JPQL is a query language similar to, but not as powerful as SQL. It enables to define queries based on your entity model instead of the underlying database tables. You can learn more about it in my Ultimate Guide to JPQL Queries with JPA and Hibernate.

Native SQL Queries

If your query is too complex for JPQL or if you need to use any database-specific features, you can use a native SQL query. It allows you to execute plain SQL statements within the context of your current transaction and persistence context. I explain them in great details in Native Queries – How to call native SQL queries with JPA.

Summary

Hibernate provides an easy to use and powerful option to persist data in a relational database. It acts as a layer on top of JDBC and maps your database records to Java objects, called entities. You can use these entities to read, persist, update and remove database records. Based on the operations you perform on the EntityManager and your entities, Hibernate generates and executes the required SQL statements.


Tags

Association Mapping, Mapping, Query


About the author

Thorben is an independent consultant, international speaker, and trainer specialized in solving Java persistence problems with JPA and Hibernate.
He is also the author of Amazon’s bestselling book Hibernate Tips - More than 70 solutions to common Hibernate problems.

Books and Courses

Coaching and Consulting

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  1. Good day Thorben

    I hope that this message finds you well.

    Thorben, I first want to thank you for excellent information you make available regarding Hibernate and JPA; it is most appreciated.

    I am relatively new to the Java ORM way of doing DB ‘things’ (my main background is in c/c++ and python).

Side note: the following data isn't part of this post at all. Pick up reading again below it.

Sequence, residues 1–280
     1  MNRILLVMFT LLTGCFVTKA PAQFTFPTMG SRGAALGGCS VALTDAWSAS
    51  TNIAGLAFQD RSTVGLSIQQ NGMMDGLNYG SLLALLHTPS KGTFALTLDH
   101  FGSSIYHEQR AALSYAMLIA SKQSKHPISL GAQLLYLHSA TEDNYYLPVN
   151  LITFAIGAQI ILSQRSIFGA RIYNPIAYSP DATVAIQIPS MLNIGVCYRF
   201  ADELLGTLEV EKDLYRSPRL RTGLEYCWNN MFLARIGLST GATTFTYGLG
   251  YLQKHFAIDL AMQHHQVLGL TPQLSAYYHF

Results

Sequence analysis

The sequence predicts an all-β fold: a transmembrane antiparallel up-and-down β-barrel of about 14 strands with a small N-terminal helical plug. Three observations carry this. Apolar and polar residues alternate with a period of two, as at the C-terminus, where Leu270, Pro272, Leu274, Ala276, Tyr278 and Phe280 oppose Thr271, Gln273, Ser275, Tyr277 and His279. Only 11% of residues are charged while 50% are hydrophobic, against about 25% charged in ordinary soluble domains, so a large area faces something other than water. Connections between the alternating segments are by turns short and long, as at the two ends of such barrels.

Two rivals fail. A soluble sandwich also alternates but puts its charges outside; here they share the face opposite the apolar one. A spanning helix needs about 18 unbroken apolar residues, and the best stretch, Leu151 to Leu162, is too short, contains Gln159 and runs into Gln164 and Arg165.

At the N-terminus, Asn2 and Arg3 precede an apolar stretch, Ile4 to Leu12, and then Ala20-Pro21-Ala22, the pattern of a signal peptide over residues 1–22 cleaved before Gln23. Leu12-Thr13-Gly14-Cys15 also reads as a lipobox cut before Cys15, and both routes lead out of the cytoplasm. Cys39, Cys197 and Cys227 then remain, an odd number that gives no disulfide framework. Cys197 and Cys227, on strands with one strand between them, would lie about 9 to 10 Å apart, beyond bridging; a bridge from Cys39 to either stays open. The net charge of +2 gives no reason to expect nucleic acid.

I have the following questions, and would really appreciate it if you could answer them (I will try and keep the answers to yes/no answers, as to not waste your time 😉 )

    1. Most current examples on the net use JPA together with a persistence.xml file. Very few use hibernate directly by not having any persistence.xml file, but only the hibernate.cfg file. Is it thus current best practice to use only JPA with the persistence.xml file, even when running on Wildfly 11?
    2. If point 1 above is yes, the following question then becomes: Is it possible to use Hibernate specific annotations like @Immutable and other Hibernate specific ‘very cool time saving’ features, mixed with JPA (in the same model entity declaration) and only having a persistence.xml file and no hibernate.cfg file?
    3. You mentioned in a recent article (thanks for these articles friend) that one should explicitly instantiate the EM transaction. My understanding of what you meant with this was: ‘whenever a new EM is created, and one wants to use it for DB things, one should always before issuing any DDL or DML via JPA start the transaction explicitly. If this is not done each JPA instruction using this EM instance will initiate its own transaction with the DB. What you did not mean by this is, that the app as a whole, must when it starts up, create an EM instance and start a transaction to be used by all JPA code’?

    Thanks in advance for taking the time to answer the above.

    Kind regards,
    George

    Reply

    1. Hi George,

      1. Hibernate implements the JPA specification. So, you can use both options and both are OK. Here you can read more about Hibernate’s bootstrapping approach.
      If you use a persistence.xml file (the JPA bootstrapping approach) and if you don’t use any other Hibernate-specific features, you can replace Hibernate with other JPA implementations, like Eclipse Link or OpenJPA.

      2. As long as you use Hibernate as your JPA implementation, you can use all proprietary Hibernate and all standard JPA features. If you use the JPA bootstrapping approach, you might need to unwrap the EntityManager and EntityManagerFactory to use some Hibernate-specific features: How to access Hibernate’s APIs from JPA

      3. You need to decide for each use case, which operations should be performed within one transaction. Keep in mind that a transaction is an atomic operation.
      In most cases, a transaction gets started when the processing of a request starts and commits after all processing steps got completed.

      Regards,
      Thorben

      Reply